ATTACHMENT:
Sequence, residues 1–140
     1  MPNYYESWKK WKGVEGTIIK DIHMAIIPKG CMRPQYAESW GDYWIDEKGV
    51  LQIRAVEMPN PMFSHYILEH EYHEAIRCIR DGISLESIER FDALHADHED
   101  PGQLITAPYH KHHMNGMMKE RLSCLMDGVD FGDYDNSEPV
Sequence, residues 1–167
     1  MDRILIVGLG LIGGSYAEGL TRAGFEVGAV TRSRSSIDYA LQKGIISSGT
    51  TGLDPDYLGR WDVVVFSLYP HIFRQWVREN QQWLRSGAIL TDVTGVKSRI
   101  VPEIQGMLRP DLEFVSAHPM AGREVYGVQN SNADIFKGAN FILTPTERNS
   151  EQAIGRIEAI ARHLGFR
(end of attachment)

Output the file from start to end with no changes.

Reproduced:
Sequence, residues 1–140
     1  MPNYYESWKK WKGVEGTIIK DIHMAIIPKG CMRPQYAESW GDYWIDEKGV
    51  LQIRAVEMPN PMFSHYILEH EYHEAIRCIR DGISLESIER FDALHADHED
   101  PGQLITAPYH KHHMNGMMKE RLSCLMDGVD FGDYDNSEPV
Sequence, residues 1–167
     1  MDRILIVGLG LIGGSYAEGL TRAGFEVGAV TRSRSSIDYA LQKGIISSGT
    51  TGLDPDYLGR WDVVVFSLYP HIFRQWVREN QQWLRSGAIL TDVTGVKSRI
   101  VPEIQGMLRP DLEFVSAHPM AGREVYGVQN SNADIFKGAN FILTPTERNS
   151  EQAIGRIEAI ARHLGFR